• quick quiz.  // Scholastic SuperScience;Feb2009, Vol. 20 Issue 5, p9 

    A quiz concerning the characteristic and behavior of a harbor seal is presented.

  • LONG-TERM OBSERVATIONS OF A HARBOR SEAL HAUL-OUT SITE IN A PROTECTED COVE IN CASCO BAY, GULF OF MAINE. Harris, David E.; Lelli, Barbara; Gupta, Sat // Northeastern Naturalist;2003, Vol. 10 Issue 2, p141 

    Observes the number of harbor seals that haul out on two near-shore ledges in Gun Point Cove, Casco Bay, Gulf of Maine in a period of time. Background on harbor seals; Two values computed for each month of the observation of harbor seals; Variation in the number of harbor seals at a haul-out site.

  • A multivariate analysis of phenotype and paternity in male harbor seals, Phoca vitulina, at Sable Island, Nova Scotia Bowen, W. Don; Wright, Jonathan M.; Coltman, David W. // Behavioral Ecology;Mar/Apr1999, Vol. 10 Issue 2, p169 

    Understanding the links between phenotype and reproductive success is critical to the study of the evolution of mating systems and life-history patterns. We examined the relationship between phenotype and mating success of male harbor seals (Phoca vitulina concolour) at Sable Island, Canada....

  • Movements and site fidelity of harbour seals (Phoca vitulina) in Kattegat, Denmark, with implications for the epidemiology of the phocine distemper virus. Dietz, Rune; Teilmann, Jonas; Andersen, Signe M.; Rigét, Frank; Olsen, Morten T. // ICES Journal of Marine Science / Journal du Conseil;Jan2013, Vol. 70 Issue 1, p186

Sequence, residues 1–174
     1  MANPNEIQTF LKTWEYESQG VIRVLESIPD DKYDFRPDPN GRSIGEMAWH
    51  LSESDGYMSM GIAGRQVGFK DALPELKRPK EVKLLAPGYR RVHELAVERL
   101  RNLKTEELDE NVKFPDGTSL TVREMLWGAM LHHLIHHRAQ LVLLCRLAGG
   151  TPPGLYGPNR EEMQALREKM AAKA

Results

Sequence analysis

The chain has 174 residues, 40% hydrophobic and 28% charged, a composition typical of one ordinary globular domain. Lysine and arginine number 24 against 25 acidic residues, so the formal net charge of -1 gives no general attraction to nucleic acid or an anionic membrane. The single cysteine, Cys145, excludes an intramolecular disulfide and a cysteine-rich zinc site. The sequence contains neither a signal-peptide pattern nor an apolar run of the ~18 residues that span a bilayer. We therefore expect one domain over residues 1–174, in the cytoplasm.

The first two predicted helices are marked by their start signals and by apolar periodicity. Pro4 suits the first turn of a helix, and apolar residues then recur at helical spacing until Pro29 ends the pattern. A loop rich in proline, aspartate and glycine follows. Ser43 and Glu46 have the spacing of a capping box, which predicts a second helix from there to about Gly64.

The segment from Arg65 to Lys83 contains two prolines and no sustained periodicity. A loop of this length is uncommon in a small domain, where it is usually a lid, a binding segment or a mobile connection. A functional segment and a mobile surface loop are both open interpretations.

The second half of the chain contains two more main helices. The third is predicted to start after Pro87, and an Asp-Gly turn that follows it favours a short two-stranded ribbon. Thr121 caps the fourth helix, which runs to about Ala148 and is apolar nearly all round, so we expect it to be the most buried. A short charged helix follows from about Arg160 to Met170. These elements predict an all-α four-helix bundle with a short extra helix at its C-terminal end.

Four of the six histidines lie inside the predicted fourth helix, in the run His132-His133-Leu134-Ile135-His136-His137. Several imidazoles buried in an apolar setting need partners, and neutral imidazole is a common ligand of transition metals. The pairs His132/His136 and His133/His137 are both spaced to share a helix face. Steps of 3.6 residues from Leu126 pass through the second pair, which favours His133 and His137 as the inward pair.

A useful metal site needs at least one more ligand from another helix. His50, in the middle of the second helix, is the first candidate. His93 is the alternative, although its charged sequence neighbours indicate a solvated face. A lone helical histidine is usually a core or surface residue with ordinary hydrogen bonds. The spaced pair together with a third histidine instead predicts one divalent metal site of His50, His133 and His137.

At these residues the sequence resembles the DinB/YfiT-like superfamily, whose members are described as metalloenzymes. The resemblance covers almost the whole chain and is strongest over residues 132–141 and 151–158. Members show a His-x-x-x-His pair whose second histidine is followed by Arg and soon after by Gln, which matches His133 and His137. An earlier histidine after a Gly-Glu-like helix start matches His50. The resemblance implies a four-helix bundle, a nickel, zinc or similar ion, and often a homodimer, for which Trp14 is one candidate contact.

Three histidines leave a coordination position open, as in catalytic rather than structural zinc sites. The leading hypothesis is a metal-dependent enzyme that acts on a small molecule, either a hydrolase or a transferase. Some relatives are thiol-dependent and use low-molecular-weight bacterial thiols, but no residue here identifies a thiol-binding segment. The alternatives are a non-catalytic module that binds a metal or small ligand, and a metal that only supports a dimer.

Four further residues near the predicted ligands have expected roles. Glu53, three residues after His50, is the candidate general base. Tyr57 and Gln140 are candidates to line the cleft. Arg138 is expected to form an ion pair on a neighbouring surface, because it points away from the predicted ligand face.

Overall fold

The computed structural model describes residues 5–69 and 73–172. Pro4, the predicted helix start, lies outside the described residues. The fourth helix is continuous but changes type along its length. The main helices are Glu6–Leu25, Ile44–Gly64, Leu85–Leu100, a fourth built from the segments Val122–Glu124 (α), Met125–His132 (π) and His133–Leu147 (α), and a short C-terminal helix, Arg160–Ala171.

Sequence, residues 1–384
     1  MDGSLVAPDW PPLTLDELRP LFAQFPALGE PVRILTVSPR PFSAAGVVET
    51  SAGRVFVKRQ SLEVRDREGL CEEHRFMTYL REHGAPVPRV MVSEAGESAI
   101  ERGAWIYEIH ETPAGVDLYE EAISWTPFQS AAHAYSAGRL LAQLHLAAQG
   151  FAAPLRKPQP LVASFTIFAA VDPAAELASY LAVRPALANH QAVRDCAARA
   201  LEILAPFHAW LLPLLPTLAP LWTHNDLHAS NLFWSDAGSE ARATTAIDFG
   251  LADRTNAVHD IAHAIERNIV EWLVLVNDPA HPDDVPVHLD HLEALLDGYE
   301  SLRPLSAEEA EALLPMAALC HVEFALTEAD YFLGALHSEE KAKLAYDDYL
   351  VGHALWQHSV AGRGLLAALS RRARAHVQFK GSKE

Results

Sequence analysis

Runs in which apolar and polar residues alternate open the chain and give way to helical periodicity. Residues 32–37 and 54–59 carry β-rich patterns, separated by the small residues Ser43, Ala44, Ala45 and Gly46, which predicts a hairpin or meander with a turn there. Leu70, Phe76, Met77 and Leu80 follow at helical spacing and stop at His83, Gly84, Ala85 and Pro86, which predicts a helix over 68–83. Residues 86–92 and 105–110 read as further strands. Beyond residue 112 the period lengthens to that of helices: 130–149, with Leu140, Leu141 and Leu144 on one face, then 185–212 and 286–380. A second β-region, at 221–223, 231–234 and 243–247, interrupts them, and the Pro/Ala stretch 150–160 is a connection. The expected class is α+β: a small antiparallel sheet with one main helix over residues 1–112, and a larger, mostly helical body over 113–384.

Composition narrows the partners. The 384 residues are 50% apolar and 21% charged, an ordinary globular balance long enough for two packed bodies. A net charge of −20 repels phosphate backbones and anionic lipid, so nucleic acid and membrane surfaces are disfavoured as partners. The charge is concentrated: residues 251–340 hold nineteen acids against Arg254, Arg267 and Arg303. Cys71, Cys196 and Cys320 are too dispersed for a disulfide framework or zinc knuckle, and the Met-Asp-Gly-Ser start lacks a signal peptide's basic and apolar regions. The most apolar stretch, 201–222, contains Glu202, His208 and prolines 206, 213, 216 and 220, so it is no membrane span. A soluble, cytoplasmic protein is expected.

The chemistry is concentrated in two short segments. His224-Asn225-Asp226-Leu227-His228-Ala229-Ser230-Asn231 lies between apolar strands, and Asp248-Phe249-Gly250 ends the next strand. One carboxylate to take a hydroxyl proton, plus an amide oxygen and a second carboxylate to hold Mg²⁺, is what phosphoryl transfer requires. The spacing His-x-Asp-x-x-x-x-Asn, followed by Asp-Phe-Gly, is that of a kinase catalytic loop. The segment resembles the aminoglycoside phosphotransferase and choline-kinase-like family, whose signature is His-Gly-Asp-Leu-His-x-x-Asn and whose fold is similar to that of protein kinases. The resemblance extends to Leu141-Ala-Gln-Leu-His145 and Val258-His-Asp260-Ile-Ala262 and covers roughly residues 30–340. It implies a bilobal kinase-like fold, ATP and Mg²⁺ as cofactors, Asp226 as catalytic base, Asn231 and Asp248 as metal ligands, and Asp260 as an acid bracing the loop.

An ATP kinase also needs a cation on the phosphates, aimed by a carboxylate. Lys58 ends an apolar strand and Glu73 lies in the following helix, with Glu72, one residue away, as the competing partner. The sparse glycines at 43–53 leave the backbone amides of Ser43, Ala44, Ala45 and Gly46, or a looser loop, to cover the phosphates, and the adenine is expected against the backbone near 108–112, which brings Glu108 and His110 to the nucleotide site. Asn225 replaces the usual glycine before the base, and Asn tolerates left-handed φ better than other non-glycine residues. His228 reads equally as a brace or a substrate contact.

Dietz, R., Teilmann, J., Andersen S. M. Rigét, F., and Olsen, M. T. 2013. Movements and site fidelity of harbour seals (Phoca vitulina) in Kattegat, Denmark, with implications for the epidemiology of the phocine distemper virus. – ICES Journal of Marine Science,...

  • Maternal effects on offspring growth rate and weaning mass in harbour seals. Bowen, W. Don; Ellis, Sara L.; Iverson, Sara J.; Boness, Daryl J. // Canadian Journal of Zoology;Jun2001, Vol. 79 Issue 6, p1088 

    We studied maternal effects on offspring traits during lactation in harbour seals (Phoca vitulina) on Sable Island, Nova Scotia, from 1988 to 1996. Duration of lactation was correlated with rate of pup mass gain (r = -0.34, n = 116) and weaning mass (r = 0.29, n = 154). Pups that grew faster had...

  • Seals forced to choose between perils of sun and sea. Barnett, Adrian // New Scientist;8/8/92, Vol. 135 Issue 1833, p15 

    Reports on a study by Peter Watts of the University of British Columbia on why seals lie out on beaches. His findings; Harm that this way of life poses to seals; How harbor seals avoid overheating.

  • STALKING SEALS. Norlander, Britt // Science World;9/6/2004, Vol. 61 Issue 1, p5 

    Presents information on rehabilitated and wild seals with tags that track their location and diving activities.


Read the Article


Sorry, but this item is not currently available from your library.

Try another library?
Sign out of this library

Other Topics